Anyone who has a basic understanding of elementary-level arithmetic and some common sense can easily explain why raising the minimum wage is bad for employment levels. In a nutshell, higher labor costs simply improve the payback profile of capital investments in technology thus accelerating job losses.
We recently shared the following example regarding California’s minimum wage hike from $10 per hour to $15. At $10 per hour and a 10-year payback, employers may be reluctant to invest in new technology. But, at $15 per hour and a 6-years payback, that investment become a no-brainer.
Unfortunately, while these concepts are somewhat simplistic for most us, they have confounded left-leaning economists and politicians pretty much since the beginning of time.
And while no amount of empirical evidence will change their minds, here is yet another study, this time from Grace Lordan of the London School of Economics and David Neumark of UC Irvine, offering up evidence that raising minimum wages only serves to increase unemployment and disproportionately crushes female and minority low-income workers.
Entitled “People Versus Machines: The Impact of Minimum Wages on Automatable Jobs,” the study found that each $1 increase in the minimum wage decreased the “share of lowskilled automatable jobs by 0.43 percentage point.” Here’s a summary of Lordan’s findings:
Overall, we find that increasing the minimum wage decreases significantly the share of automatable employment held by low-skilled workers. Our estimates suggest that an increase of the minimum wage by $1 (based on 2015 dollars) decreases the share of lowskilled automatable jobs by 0.43 percentage point (an elasticity of ?0.11). However, these average effects mask significant heterogeneity by industry and by demographic group. In particular, there are large effects on the shares of automatable employment in manufacturing, where we estimate that a $1 increase in the minimum wage decreases the share of automatable employment among low-skilled workers by 0.99 percentage point (elasticity of ?0.17). Within manufacturing, the share of older workers in automatable employment declines most sharply, and the share of workers in automatable employment also declines sharply for women and blacks.
Meanwhile, the results are even worse for workers over 40, females and minorities…
For example, a higher minimum wage significantly reduces the shares of both younger (? 25) and older (> 40) workers in jobs that are automatable, by a larger magnitude compared to those aged 26-39. For the younger and older groups, the estimates imply that a $1 increase in the minimum wage reduces the shares in automatable work by 0.94 and 0.72 percentage points respectively (the corresponding elasticities are ?0.20 and ?0.17. Looking by both age and industry, for older workers (? 40 years old) the negative effect mainly arises in the manufacturing and public administration sectors (a decrease of 1.68 and 3.50 percentage points for a $1 minimum wage increase respectively), while for younger workers (< 25 years old) the effects are large in many sectors but the estimate is close to zero for manufacturing. The middle age group, also, exhibits a decline in the share of workers in automatable jobs in manufacturing when the minimum wage increases – a 1.21 percentage point decline for a $1 increase. Thus, older workers appear more vulnerable to substitution away from automatable jobs when the minimum wage increases.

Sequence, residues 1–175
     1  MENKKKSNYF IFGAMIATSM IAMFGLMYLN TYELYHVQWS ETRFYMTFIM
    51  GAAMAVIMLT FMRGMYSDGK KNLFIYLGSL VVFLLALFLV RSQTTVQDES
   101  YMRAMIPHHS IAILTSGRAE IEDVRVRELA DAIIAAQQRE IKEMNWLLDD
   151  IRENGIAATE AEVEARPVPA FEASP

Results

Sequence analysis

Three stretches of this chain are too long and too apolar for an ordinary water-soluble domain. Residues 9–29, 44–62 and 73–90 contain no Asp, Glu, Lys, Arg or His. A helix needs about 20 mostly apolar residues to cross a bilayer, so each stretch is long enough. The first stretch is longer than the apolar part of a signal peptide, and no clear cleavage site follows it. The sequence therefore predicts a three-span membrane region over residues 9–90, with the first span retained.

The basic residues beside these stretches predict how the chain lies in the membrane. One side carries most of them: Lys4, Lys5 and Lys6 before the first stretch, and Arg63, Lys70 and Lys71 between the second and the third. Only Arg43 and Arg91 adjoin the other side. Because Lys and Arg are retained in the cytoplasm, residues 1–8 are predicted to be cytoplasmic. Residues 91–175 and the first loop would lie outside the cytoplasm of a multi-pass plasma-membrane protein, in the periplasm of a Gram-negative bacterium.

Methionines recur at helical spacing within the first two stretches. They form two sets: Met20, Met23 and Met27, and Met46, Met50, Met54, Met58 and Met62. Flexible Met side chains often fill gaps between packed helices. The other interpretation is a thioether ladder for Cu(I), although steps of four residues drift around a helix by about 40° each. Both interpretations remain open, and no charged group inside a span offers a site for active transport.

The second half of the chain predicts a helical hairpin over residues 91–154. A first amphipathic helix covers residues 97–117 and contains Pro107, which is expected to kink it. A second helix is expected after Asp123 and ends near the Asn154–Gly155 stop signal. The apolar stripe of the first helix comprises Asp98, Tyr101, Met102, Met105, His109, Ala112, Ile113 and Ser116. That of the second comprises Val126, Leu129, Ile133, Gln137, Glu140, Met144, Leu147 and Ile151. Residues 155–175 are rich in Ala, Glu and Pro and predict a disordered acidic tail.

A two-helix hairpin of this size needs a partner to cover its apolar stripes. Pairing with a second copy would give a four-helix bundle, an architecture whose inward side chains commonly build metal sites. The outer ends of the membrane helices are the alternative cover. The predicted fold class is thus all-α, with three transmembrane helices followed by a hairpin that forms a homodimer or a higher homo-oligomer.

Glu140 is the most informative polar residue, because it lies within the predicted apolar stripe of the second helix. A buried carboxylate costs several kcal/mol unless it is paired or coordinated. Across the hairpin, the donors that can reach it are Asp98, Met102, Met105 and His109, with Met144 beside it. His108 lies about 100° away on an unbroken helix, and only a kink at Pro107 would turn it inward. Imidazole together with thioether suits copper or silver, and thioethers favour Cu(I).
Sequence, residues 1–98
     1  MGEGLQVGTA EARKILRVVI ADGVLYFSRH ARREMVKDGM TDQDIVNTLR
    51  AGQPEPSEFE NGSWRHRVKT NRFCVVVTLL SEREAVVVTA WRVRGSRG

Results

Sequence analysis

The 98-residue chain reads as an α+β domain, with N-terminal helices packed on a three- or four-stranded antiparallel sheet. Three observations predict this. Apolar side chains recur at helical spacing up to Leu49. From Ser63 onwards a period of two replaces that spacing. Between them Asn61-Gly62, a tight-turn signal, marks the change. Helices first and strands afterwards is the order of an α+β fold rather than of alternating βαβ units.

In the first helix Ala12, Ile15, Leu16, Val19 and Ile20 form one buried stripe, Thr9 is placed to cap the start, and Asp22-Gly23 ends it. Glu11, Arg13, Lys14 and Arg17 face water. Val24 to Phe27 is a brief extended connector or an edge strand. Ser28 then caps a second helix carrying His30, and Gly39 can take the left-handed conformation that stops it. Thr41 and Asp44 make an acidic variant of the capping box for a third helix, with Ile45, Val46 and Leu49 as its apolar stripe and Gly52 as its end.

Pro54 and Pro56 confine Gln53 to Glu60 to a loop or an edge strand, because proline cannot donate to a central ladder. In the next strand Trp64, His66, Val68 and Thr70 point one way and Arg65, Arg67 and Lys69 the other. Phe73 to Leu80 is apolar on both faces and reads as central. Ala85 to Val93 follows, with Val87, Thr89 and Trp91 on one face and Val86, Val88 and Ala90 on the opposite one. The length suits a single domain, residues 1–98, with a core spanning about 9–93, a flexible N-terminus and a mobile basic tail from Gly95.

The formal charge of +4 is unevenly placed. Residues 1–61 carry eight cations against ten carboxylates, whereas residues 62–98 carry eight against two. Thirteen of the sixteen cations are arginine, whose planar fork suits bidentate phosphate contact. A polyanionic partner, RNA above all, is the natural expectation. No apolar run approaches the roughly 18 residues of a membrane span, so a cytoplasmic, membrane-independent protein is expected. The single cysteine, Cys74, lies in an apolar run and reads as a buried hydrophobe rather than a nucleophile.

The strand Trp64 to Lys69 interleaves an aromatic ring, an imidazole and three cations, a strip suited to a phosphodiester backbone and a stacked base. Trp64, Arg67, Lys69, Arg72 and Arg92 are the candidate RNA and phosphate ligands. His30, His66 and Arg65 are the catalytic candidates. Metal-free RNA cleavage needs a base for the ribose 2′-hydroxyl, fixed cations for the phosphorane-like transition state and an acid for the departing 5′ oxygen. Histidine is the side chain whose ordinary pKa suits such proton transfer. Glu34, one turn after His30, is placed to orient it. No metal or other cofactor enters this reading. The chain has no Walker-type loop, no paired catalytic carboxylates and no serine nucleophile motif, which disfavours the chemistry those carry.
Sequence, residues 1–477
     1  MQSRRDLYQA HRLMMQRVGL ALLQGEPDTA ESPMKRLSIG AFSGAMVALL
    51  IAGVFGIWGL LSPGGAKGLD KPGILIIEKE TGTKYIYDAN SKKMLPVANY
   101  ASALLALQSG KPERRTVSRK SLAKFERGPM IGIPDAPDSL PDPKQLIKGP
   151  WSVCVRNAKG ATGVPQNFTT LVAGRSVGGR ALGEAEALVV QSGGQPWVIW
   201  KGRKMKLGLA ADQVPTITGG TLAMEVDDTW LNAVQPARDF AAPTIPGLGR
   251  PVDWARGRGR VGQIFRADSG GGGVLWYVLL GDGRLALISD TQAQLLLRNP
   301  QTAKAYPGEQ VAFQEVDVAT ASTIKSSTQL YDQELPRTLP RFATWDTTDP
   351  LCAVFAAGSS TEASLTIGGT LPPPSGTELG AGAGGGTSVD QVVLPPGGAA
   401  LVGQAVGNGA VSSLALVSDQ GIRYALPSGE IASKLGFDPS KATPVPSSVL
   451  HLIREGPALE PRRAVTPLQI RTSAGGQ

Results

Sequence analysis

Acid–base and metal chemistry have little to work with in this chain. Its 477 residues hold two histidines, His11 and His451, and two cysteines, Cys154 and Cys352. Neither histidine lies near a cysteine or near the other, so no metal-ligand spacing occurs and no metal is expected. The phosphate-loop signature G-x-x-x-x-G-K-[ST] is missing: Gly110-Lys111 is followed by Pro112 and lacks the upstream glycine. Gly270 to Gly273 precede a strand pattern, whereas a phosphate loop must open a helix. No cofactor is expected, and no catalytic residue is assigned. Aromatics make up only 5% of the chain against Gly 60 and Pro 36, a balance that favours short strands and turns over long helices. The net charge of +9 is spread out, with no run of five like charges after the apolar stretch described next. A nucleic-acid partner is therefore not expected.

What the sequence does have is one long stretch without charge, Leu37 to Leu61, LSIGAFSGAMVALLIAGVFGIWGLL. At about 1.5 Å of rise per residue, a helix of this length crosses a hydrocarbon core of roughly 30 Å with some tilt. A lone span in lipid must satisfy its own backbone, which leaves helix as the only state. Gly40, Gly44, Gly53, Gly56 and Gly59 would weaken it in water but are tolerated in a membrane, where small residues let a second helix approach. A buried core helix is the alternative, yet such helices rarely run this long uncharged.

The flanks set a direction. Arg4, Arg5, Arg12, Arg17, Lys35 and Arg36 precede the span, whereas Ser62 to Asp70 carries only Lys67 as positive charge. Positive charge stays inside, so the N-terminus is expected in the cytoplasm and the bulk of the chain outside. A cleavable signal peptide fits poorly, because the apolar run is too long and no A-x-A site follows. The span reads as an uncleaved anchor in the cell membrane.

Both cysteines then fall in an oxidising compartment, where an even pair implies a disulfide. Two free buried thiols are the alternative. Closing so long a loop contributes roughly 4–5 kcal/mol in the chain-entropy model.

On average, females are affected more adversely than males: in the aggregate estimates in column (1), the negative estimate is significant only for females, and is almost ten times larger, indicating that, for females, a minimum wage increase of $1 causes a decrease of 1.01 percentage points in the share of automatable jobs (the elasticity is ?0.14). Across industries, these negative effects for females are concentrated in manufacturing, services, and public administration; for example, a $1 minimum wage increase reduces the share of automatable jobs in public administration by 3.67 percentage points – an elasticity of ?0.41). For males, only the estimate for manufacturing is statistically significant; the estimated effect implies that a $1 increase in the minimum wage causes a decrease of 0.62 percentage point (an elasticity of ?0.13).
Table 3 also points to similar overall effects by race, with a $1 increase in the minimum wage reducing the share in automatable jobs by 0.57 percentage point for whites and 0.72 percentage point for blacks. However, the effects are heterogeneous across industries. There are large estimated effects in manufacturing (1.19 percentage points) and public administration (1.53 percentage points) for whites, although only the first estimate is statistically significant. For blacks, there are large and statistically significant decreases in automatable shares in manufacturing and transport (declines of about 4.5 percentage point in both).
But, as usual, we’re sure this extra data will have no impact on Bernie’s “Fight for $15.” Amazing how some politicians will embrace math and science when arguing climate change but completely reject it when discussing minimum wage…wonder why?